Protecting Pacific communities
"Growing up in American Samoa and identifying as a Samoan woman set a clear path for me from the day I stepped foot on Stanford’s campus,” said Cher Nomura, BS ‘22. “Despite the fact that our sustainable cultural practices and ways of living in American Samoa emit less than 1 percent of the world’s greenhouse gasses, we experience severely disproportionate impacts of climate change.”
At Stanford, Nomura has dedicated her studies to public service and environmental education in order to one day serve her community and others in the Pacific Islands. She is currently focused on understanding how cultural learning intersects with environmental education and community engagement.
“I study things like Indigenous impact assessment – how these groups measure the impacts of development projects on tribal lands,” Nomura said. “Indigenous peoples need to have agency in environmental decision-making.”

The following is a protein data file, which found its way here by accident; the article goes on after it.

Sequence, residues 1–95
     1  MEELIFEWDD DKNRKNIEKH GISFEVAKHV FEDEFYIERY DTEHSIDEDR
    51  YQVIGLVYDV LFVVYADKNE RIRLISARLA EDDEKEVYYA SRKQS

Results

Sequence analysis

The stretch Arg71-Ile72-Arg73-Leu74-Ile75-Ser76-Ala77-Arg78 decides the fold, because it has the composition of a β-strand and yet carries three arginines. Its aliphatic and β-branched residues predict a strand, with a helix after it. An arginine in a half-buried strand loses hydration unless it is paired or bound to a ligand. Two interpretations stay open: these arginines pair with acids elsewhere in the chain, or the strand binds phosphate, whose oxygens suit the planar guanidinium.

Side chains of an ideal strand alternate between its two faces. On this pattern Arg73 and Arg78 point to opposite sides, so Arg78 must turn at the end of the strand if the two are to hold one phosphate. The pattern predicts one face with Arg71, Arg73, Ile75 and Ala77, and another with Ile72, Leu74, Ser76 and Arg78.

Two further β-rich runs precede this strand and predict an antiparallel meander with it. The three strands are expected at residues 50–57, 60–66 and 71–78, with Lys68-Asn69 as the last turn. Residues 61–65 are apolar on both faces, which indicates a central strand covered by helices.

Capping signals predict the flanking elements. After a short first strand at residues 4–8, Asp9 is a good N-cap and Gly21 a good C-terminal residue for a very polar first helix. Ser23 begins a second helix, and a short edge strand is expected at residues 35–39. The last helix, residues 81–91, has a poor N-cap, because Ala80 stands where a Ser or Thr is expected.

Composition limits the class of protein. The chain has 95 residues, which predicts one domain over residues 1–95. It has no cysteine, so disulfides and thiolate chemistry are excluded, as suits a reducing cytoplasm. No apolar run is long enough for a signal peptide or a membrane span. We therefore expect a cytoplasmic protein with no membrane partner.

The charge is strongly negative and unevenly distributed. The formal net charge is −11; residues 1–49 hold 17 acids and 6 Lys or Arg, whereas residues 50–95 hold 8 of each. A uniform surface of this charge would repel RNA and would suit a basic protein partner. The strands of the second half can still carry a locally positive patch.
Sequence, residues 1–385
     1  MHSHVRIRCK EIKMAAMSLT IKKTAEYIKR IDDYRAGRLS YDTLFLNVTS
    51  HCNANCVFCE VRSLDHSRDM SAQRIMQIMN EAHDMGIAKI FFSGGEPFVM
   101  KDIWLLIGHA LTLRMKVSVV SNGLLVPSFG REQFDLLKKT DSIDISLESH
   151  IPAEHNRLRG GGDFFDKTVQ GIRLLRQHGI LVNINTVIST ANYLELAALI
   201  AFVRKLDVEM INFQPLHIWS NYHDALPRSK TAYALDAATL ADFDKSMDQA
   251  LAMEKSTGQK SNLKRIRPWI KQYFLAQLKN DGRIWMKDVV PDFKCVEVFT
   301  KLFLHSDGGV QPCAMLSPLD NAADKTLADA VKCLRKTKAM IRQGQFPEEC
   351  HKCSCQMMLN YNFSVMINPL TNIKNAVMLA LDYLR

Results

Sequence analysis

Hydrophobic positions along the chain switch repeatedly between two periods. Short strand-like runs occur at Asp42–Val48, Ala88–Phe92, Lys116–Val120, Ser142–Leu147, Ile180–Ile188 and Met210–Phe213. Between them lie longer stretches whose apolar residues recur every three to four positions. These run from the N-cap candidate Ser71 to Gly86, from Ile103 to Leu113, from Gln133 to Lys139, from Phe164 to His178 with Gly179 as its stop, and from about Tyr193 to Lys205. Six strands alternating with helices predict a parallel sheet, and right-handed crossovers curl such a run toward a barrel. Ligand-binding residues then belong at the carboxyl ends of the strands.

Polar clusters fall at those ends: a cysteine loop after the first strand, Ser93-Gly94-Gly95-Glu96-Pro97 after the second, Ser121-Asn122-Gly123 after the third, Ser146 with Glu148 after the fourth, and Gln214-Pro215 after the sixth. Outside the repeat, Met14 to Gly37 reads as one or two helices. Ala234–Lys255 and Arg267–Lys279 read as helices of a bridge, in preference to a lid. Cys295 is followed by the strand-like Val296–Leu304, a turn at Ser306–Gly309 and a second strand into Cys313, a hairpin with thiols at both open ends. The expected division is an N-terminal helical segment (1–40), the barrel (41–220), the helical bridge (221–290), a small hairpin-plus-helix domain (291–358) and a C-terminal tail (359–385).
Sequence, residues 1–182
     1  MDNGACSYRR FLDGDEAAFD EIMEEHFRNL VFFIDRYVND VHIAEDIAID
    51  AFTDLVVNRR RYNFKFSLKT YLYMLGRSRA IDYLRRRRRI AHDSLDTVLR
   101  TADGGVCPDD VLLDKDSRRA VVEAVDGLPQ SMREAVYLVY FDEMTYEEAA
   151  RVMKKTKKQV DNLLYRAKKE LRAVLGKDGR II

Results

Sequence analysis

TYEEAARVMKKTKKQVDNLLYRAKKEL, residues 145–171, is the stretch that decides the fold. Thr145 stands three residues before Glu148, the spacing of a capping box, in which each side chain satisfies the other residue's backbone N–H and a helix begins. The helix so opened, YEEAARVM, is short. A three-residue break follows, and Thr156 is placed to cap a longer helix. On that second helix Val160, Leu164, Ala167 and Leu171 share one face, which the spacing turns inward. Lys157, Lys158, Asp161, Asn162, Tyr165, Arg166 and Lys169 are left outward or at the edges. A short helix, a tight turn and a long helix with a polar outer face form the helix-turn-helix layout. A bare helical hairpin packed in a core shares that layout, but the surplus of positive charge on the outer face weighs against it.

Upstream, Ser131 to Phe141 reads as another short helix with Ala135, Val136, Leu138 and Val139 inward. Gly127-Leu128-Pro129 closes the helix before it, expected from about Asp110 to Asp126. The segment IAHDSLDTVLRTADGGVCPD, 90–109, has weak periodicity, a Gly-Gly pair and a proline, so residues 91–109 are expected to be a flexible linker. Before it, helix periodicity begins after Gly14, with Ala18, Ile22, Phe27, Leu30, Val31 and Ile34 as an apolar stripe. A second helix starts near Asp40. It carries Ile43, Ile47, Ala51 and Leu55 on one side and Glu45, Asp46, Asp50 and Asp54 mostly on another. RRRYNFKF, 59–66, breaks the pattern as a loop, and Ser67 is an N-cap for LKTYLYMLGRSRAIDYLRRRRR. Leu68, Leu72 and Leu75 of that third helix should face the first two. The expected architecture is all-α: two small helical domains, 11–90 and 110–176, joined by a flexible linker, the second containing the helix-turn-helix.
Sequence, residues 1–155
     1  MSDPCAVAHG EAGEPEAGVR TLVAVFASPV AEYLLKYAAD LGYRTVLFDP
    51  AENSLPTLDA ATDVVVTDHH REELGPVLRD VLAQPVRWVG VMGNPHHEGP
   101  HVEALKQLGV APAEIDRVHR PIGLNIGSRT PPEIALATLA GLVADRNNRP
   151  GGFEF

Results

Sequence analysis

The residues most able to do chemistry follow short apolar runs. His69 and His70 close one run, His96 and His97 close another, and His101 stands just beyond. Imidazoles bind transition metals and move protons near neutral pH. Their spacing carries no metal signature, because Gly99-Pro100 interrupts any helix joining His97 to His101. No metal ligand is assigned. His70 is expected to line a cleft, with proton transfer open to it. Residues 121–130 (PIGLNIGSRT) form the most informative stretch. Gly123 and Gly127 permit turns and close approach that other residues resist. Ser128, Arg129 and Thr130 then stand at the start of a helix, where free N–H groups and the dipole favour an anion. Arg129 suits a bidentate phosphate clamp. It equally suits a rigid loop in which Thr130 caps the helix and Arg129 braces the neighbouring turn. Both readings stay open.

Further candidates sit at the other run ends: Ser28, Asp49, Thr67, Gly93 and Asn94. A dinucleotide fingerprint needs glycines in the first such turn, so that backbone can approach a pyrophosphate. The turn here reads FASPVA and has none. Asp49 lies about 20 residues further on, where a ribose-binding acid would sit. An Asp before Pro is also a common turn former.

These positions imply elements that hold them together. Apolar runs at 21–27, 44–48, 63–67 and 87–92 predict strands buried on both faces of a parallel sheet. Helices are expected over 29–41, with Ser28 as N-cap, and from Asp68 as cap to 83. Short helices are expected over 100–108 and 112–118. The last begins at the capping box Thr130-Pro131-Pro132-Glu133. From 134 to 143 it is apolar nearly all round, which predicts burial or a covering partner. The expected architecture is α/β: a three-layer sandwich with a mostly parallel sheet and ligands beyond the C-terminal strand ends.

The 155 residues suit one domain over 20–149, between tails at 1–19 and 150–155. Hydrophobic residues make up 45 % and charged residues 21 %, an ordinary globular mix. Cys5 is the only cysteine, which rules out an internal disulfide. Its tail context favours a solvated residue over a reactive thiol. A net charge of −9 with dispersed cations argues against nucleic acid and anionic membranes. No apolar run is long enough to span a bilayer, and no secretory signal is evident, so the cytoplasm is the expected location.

During her time in the Bay Area, Nomura has helped support the North Fair Oaks (NFO) community, a low-income, unincorporated area between Redwood City and Menlo Park. Nomura has worked closely with residents, helping them become more resilient to climate change impacts by improving community engagement and representation, emergency preparedness, and safety and well-being.
Back home, she hopes to one day create environmental education programs that bridge traditional cultural practices with science by “utilizing the teachings of Samoan elders and practitioners,” she said.
“Someday I’ll return to American Samoa – to the land and oceans that raised me,” Nomura said. “When I do, I want to encourage Samoan youth to recognize the significance of learning and applying our cultural practices in all aspects of life, in hopes that they return to serve their people in the face of climate change and all that it threatens.”